Australian Centre for Neutron Scattering
ANSTO is home to the Australian Centre for Neutron Scattering (ACNS), which uses OPAL’s neutrons to solve complex research and industrial problems.
At the ACNS neutrons are used to determine the internal structure of many classes of materials, helping scientists understand why materials have the properties they do, and helping tailor new materials, devices and systems.
Every year thousands of scientists from Australia and the world access facilities at ACNS.
- Characterising new battery materials with greater storage capacity and discharge capabilities, essential to improving energy efficiency and security
- Studying the structural integrity of materials such as critical welds in pipes used to transport energy resources around Australia, enhancing energy security
- Improving scientific understanding of the growing problem of food allergies through the observation of interactions between biological molecules such as proteins, viruses and cell membranes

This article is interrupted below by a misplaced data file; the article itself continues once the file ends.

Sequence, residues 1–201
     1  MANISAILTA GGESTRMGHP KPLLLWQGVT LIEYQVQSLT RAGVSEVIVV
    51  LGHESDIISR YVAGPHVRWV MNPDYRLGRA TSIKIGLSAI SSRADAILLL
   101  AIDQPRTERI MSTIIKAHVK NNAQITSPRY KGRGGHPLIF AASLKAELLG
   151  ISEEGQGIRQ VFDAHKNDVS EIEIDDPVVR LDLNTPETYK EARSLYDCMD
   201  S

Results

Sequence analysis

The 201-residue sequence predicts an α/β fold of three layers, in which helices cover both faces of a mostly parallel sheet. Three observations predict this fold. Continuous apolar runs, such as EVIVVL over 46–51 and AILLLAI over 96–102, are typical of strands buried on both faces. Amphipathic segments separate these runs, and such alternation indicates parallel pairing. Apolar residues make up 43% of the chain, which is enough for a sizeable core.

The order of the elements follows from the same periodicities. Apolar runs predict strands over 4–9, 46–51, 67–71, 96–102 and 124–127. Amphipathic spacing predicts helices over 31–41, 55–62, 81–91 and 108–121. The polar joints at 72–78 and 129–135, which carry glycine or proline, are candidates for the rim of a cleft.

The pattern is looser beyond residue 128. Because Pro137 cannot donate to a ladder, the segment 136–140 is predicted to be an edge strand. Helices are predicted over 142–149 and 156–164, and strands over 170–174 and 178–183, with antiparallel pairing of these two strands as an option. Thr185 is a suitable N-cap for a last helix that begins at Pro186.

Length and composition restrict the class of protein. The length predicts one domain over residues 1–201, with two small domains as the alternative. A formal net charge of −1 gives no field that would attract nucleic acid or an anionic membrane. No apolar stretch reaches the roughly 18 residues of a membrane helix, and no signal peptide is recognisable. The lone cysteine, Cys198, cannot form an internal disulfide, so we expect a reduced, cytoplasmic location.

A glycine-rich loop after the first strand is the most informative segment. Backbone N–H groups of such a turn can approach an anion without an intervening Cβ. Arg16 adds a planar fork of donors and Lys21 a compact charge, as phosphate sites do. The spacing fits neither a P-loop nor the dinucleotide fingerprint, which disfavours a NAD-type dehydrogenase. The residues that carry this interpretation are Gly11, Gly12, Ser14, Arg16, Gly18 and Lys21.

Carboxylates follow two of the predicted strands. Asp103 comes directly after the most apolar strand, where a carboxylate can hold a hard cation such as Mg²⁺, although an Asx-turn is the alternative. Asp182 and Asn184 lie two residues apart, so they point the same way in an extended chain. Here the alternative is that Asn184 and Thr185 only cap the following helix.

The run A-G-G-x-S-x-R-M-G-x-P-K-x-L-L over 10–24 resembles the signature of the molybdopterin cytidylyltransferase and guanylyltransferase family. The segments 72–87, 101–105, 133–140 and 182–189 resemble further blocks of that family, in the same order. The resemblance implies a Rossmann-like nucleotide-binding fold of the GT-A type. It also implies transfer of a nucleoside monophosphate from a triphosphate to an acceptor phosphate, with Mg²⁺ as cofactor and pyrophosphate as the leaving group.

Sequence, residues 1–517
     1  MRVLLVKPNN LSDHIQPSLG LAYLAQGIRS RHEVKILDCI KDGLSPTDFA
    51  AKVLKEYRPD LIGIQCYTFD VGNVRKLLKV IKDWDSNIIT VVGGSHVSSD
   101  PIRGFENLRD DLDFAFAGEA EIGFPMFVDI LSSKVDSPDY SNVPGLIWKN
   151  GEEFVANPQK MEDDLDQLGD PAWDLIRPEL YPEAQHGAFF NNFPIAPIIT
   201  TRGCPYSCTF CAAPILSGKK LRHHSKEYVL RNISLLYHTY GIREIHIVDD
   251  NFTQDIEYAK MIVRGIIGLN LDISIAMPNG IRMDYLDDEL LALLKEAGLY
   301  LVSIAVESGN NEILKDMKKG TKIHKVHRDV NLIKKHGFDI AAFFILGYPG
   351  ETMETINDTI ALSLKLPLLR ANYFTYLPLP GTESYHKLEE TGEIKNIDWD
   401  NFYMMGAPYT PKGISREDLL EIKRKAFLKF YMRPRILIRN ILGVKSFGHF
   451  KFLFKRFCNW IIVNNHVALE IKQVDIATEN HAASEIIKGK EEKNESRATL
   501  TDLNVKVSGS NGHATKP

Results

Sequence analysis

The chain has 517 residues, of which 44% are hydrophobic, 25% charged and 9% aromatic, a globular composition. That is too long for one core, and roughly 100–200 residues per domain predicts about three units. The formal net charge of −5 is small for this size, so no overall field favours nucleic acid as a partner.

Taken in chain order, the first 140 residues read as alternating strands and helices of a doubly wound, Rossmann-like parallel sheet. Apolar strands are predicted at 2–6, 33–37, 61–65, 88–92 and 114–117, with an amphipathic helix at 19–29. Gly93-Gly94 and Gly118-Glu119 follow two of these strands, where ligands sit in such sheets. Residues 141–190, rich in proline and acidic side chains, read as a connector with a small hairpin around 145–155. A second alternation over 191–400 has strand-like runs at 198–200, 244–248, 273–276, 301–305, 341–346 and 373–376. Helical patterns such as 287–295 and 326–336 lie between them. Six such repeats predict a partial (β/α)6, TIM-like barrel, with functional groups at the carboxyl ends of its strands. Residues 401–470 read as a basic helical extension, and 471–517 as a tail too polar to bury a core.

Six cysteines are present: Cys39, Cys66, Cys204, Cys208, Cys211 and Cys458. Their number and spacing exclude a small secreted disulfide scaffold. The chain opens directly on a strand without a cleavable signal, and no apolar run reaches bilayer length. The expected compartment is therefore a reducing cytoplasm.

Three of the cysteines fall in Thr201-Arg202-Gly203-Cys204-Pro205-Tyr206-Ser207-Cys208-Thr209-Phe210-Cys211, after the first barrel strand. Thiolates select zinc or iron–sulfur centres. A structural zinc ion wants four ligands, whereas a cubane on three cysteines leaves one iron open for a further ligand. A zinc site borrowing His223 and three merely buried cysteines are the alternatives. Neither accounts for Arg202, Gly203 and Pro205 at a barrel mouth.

- Determining the structure and dynamics of materials used hydrogen fuel systems enabling more efficient and effective clean energy systems.
The 15 neutron beam instruments at ACNS are the:
- ECHIDNA high-resolution powder diffractometer
- WOMBAT high-intensity diffractometer
- KOALA single-crystal Laue diffractometer
- KOWARI strain scanner
- JOEY crystal-alignment Laue diffractometer
- QUOKKA small-angle neutron scattering instrument
- BILBY time-of-flight small-angle neutron scattering instrument
- KOOKABURRA ultra-small-angle neutron scattering instrument
Imaging & Reflectometry:
- DINGO radiography/tomography/imaging station
- PLATYPUS neutron reflectometer
- SPATZ neutron reflectometer (under construction)
- TAIPAN thermal-neutron three-axis spectrometer, with Be-filter option
- SIKA cold-neutron three-axis spectrometer
- PELICAN cold-neutron time-of-flight spectrometer
- EMU high-resolution back-scattering spectrometer
For enquiries please contact our User Office on firstname.lastname@example.org, call +61 2 9717 9111 or see the direct contact details for the responsible instrument scientist on the relevant instrument page.